Apr 14, 2017

Saudi Aramco CEO’s Iranian brushback

Hasan Jamali / AP

Because of its rare capacity to add a lot of new oil onto the global market, Iran has emerged as one of the most disruptive forces in OPEC. Which is probably what got into the craw of the CEO of Saudi Arabia's state-owned oil giant today. Asked whether Iran will be his biggest competition, Amin H. Nasser was withering.

"Who?," said Nasser, drawing laughter at a Columbia University energy conference on Friday.

Why this matters: Iran has raised its oil production by about 1 million barrels a day — to roughly 4 million — since oil sanctions were lifted in January of 2016 as part of a nuclear research accord with the West. It remains far below the approximately 10 million barrels a day produced by Saudi Arabia, OPEC's dominant producer. But price is determined at the margin — when a player like Iran or the US shale oil patch adds a few hundred thousand barrels a day to the market, it can send oil prices plunging.

Nasser, echoing recent International Energy Agency findings, said that the global oil glut, which has been responsible for the plunge in oil prices over the last three years, is "getting close to rebalancing." And he said deferred or canceled investments by oil companies since 2014 could lead to a supply shortfall. "While the short-term market points to a surplus of oil, the supply required in coming years is falling behind," he said.

No peak: Nasser said the world is a long, long way from easing its thirst for his company's products. Referring to a new theory in the oil world—that demand for oil will peak over the coming decade and a half, and thus threaten the income of OPEC and other producers, he said, "Our belief is that peak demand is not in sight."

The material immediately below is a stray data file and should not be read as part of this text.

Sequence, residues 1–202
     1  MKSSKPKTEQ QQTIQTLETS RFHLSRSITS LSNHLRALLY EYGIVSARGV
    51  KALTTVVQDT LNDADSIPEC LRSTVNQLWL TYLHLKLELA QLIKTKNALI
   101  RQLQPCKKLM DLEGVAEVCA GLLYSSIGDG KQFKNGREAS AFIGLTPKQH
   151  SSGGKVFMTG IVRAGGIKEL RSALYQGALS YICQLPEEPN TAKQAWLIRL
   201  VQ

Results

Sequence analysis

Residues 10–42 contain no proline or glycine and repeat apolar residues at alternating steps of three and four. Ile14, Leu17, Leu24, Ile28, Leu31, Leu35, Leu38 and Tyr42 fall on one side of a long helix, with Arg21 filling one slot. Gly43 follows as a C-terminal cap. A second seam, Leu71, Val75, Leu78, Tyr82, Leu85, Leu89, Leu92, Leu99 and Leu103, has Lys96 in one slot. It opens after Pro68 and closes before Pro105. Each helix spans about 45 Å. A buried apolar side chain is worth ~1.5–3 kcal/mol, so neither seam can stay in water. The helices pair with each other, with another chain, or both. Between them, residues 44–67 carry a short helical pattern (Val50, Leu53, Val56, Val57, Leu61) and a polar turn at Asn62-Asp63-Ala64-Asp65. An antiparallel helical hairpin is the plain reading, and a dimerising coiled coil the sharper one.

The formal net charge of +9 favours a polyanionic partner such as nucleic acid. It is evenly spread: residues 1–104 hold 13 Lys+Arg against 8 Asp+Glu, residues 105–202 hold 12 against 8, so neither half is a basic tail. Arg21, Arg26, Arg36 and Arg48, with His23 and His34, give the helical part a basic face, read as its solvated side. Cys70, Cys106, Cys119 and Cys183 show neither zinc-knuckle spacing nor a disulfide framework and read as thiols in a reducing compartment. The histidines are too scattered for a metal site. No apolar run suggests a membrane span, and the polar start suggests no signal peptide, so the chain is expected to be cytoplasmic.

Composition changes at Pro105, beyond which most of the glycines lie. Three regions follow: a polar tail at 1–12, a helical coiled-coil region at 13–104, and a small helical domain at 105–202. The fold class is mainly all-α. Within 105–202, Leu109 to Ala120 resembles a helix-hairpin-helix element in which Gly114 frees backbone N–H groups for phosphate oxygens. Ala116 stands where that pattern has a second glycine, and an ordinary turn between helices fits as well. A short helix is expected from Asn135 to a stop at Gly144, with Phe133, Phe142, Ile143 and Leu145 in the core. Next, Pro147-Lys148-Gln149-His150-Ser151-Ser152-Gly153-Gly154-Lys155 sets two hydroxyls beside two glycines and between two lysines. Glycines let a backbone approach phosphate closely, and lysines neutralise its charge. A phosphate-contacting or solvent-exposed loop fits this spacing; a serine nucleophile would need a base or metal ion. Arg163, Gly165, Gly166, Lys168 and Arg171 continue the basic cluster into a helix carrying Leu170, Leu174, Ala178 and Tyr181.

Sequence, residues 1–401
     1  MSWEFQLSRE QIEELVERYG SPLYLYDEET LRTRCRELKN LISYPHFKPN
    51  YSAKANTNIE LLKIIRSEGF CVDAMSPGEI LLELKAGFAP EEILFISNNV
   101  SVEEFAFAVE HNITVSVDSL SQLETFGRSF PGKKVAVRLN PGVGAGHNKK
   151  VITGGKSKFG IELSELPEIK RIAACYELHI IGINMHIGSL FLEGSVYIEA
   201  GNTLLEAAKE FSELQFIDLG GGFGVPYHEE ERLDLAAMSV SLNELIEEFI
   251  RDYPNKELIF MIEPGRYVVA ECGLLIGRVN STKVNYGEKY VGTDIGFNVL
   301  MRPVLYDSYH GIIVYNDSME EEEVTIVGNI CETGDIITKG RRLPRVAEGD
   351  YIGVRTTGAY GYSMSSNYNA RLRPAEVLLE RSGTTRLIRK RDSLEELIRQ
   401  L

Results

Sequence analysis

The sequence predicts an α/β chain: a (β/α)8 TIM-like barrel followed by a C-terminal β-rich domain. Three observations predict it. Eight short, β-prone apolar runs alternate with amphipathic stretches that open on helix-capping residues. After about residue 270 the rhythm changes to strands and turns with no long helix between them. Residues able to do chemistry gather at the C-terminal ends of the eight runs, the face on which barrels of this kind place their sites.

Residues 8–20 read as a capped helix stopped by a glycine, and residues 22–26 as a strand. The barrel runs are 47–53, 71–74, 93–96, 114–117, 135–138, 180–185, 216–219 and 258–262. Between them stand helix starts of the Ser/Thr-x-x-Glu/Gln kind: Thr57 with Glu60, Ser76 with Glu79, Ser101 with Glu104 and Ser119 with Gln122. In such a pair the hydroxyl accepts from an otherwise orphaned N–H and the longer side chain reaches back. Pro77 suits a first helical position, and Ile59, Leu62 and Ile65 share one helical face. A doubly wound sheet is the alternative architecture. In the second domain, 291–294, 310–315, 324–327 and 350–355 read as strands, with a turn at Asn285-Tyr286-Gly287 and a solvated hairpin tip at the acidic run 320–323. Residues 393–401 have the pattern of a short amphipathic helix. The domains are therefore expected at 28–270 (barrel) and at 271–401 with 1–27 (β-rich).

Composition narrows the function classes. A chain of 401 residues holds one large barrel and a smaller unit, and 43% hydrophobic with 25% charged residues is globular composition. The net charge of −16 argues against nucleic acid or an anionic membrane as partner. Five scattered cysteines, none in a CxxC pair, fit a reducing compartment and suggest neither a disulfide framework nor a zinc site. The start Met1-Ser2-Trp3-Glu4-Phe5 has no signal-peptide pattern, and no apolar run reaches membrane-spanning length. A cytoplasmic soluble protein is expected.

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Coronavirus dashboard

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  1. Global: Total confirmed cases as of 7 p.m. ET: 1,094,068 — Total deaths: 58,773 — Total recoveries: 225,519Map.
  2. U.S.: Total confirmed cases as of 6 p.m. ET: 273,880 — Total deaths: 7,077 — Total recoveries: 9,521Map.
  3. Public health latest: The CDC is recommending Americans wear face coverings in public to help stop the spread of the coronavirus.
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  5. Business updates: America's small business bailout is off to a bad start. The DOT is urging airlines to refund passengers due to canceled or rescheduled flights, but won't take action against airlines that provide vouchers or credits.
  6. Oil latest: The amount of gas American drivers are consuming dropped to levels not seen in more than 25 years, government data shows. Trump is calling on the Energy Department to find more places to store oil.
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Government will cover uninsured patients' coronavirus treatment

Azar at Friday's briefing. Photo: Win McNamee/Getty Images

The federal government will cover the costs of coronavirus treatment for the uninsured, Health and Human Services Secretary Alex Azar said at a White House briefing Friday.

How it works: The money will come from a $100 billion pot set aside for the health care industry in the most recent stimulus bill. Providers will be paid the same rates they get for treating Medicare patients, and as a condition of those payments, they won't be allowed to bill patients for care that isn't covered.

More states issue stay-at-home orders as coronavirus crisis escalates

Data: Axios reporting; Map: Danielle Alberti/Axios

Alabama Gov. Kay Ivey issued a stay-at-home order on Friday as the novel coronavirus pandemic persists. The order goes into effect Saturday at 5 p.m. and will remain in place through April 30. Missouri Gov. Mike Parson also issued a statewide social distancing order on Friday.

The big picture: In a matter of weeks, the number of states that issued orders nearly quadrupled, affecting almost 300 million Americans.

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